An open letter to my brother Bob in Heaven:
My dear brother. Wish you’d have seen it. Two men. On stage. Not any old stage. A stage afforded to candidates for president. Lighted by cameras of every major television network.
Introduced by his husband, Chasten, Pete Buttigieg tells supporters he is withdrawing from the race. Everyone watching believes this young man will be back.
People standing. Applauding. Two men, married to one another, hugging. Kissing. Happy and gay. Telling everyone they love each other. Comfortable with who they are. Who God created them to be. You should have been there.
A few days ago, a young boy boldly asked this candidate to help him tell the world he was gay. “Thank you for being so brave,” the boy said to Buttigieg during a rally. “Would you help me tell the world I’m gay, too? I want to be brave like you.”
Accepting, loving parents were at the boy’s side. The crowd cheered. Applauded. Cried. The gay man running for president said, “I don’t think you need a lot of advice from me on bravery. You seem pretty strong.”
Bob, you were strong. With enduring love, you navigated a judgmental, condemning, ignorant world.
This is a different world than the one you left 14 years ago. People who love each other are no longer denied the right to marry as you and Lee were for the 25 years you shared your lives and loved one another. There are openly gay and lesbian people serving in Congress. LGBTQ people flourish in business. An NBA superstar went public with his pride for a transgender daughter.
More churches welcome and affirm the LGBTQ community.
Oh, there are still haters. Our anti- gay rights president awarded the Medal of Honor to a homophobic radio talk show host. Some politicians still bring ridicule on vulnerable targets, gays among them. Most troubled are preachers who cling to their abusively literal interpretation of select Bible verses.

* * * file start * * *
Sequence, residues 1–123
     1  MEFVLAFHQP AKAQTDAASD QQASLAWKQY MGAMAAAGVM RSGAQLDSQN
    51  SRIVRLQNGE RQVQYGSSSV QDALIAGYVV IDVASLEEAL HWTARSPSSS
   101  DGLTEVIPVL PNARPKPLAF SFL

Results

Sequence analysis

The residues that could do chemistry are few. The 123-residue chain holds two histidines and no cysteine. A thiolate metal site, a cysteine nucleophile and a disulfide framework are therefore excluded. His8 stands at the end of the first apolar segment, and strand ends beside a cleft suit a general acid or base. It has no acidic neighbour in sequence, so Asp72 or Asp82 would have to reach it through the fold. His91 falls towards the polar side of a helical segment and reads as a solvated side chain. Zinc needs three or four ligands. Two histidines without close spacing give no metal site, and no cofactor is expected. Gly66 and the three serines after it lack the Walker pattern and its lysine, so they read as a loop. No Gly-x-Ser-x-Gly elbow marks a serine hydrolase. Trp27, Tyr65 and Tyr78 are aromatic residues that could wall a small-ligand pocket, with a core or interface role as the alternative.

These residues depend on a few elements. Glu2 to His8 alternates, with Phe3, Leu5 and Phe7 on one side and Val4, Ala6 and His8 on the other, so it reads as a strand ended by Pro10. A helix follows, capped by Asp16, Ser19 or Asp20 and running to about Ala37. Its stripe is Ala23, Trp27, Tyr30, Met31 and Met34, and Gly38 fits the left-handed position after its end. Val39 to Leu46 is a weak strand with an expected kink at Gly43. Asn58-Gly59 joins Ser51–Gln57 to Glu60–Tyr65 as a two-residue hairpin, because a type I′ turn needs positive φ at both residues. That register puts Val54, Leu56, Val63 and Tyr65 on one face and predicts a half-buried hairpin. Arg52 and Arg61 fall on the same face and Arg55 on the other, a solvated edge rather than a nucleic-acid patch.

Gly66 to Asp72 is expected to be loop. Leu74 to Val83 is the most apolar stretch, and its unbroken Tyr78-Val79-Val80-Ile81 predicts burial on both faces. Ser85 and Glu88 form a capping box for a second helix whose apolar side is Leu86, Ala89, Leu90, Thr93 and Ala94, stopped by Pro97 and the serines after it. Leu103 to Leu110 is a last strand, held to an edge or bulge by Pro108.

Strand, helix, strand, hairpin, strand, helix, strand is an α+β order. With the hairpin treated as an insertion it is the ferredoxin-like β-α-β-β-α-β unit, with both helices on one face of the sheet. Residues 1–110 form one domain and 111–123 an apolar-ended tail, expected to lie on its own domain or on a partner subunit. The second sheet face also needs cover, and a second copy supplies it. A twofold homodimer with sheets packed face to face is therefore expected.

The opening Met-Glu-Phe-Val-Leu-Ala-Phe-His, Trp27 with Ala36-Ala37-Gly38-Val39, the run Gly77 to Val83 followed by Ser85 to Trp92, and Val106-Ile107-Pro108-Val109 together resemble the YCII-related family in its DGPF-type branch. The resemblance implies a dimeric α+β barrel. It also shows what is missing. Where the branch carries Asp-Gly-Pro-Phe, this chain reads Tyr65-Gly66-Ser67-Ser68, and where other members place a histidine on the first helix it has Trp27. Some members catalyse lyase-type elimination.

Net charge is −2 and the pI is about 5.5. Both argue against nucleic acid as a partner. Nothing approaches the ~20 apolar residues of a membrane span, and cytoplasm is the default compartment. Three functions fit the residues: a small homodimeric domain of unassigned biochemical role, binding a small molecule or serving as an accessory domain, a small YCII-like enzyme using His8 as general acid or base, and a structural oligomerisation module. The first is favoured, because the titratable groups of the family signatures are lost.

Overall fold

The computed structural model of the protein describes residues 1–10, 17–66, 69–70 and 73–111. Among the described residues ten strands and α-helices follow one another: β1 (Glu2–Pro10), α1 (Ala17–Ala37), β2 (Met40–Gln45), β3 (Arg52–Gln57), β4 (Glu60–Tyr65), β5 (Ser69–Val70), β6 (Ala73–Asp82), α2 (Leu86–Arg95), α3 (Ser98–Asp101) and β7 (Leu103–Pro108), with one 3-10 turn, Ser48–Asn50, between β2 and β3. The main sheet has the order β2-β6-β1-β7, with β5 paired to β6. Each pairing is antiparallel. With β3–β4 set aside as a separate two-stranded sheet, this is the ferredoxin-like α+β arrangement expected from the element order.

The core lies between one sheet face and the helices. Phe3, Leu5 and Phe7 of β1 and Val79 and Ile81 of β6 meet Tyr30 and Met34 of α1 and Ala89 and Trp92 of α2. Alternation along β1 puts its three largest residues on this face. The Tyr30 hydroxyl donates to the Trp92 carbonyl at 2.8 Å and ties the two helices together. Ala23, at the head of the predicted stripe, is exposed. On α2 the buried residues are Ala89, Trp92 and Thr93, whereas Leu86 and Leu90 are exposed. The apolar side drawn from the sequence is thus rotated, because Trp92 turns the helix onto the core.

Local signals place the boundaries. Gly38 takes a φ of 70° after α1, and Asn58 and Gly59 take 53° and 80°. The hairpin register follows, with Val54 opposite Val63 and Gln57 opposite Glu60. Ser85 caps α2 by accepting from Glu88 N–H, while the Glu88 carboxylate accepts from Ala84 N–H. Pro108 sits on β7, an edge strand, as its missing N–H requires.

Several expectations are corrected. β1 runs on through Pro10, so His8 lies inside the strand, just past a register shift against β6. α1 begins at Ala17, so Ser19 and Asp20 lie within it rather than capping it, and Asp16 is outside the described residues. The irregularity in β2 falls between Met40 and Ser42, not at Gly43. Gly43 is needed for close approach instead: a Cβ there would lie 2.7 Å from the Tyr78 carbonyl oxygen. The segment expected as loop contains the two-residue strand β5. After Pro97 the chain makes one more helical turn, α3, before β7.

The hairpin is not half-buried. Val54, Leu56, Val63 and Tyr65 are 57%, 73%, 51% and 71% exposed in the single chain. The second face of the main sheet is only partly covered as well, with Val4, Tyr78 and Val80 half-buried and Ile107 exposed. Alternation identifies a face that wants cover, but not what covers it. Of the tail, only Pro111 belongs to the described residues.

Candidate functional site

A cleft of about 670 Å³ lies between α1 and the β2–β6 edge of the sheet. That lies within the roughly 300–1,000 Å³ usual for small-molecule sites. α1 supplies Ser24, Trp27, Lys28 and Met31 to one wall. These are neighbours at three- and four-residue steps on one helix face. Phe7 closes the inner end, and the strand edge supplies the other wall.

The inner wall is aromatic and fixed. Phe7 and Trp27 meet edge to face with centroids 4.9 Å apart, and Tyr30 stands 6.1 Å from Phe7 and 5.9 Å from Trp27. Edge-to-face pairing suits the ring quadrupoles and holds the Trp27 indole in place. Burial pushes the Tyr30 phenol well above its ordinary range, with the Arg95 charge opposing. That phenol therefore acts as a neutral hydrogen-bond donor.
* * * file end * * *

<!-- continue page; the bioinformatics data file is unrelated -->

These are people about whom Jesus could have been talking when he said, “Forgive them, Father, for they know not what they do.” I’m not so magnanimous. I know the pain these people caused you, pretending Jesus never said, “Love your neighbor.” So, they rally their followers to go to courts, legislatures and city councils to deny gays and lesbians “life, liberty, and pursuit of happiness.
Remember that day I told you I was leaving my law practice and go to seminary? Still brings tears to my eyes remembering your reaction to the news. “So, that means you will have to reject me?” Until that moment, I had not realized what you had long known, how much damage anti-gay Christians had done in the name of God.
In my years as a pastor, I’ve seen parents reject children, brothers reject sisters, sisters reject brothers, grandparents reject grandchildren because of the way God created them.
I remember you were summarily fired from a job you held for many years and did well. Fired because the boss learned you were gay. Sadly, that’s still legal. We are working on it, but there are faux Christians claiming their “religious freedom” allows them to deprive an LGBTQ person of their livelihood because of who they are.
But, dear brother, there is a painfully slow awakening. Happily, “the times, they are a-changin.” My children, who knew you, and my grandchildren, who, alas, did not, represent younger generations who do not get it. They don’t understand racism, misogyny, religious bigotry or homophobia.
My grandchildren, for example, know a girl born in a boy’s body. No one had to explain anything to them. She was their friend. And so, now, is he. There’s a reason the Gay Pride symbol is a rainbow.
Your daughter, Nicole, wrote a poem about you. She said, “My father was gay. He was also happy.” Your happiness was contagious and lives on. It was present in the smiles of Pete Buttigieg and his husband as they kissed on that big stage.
Rodger McDaniel lives in Laramie and is the pastor at Highlands Presbyterian Church in Cheyenne.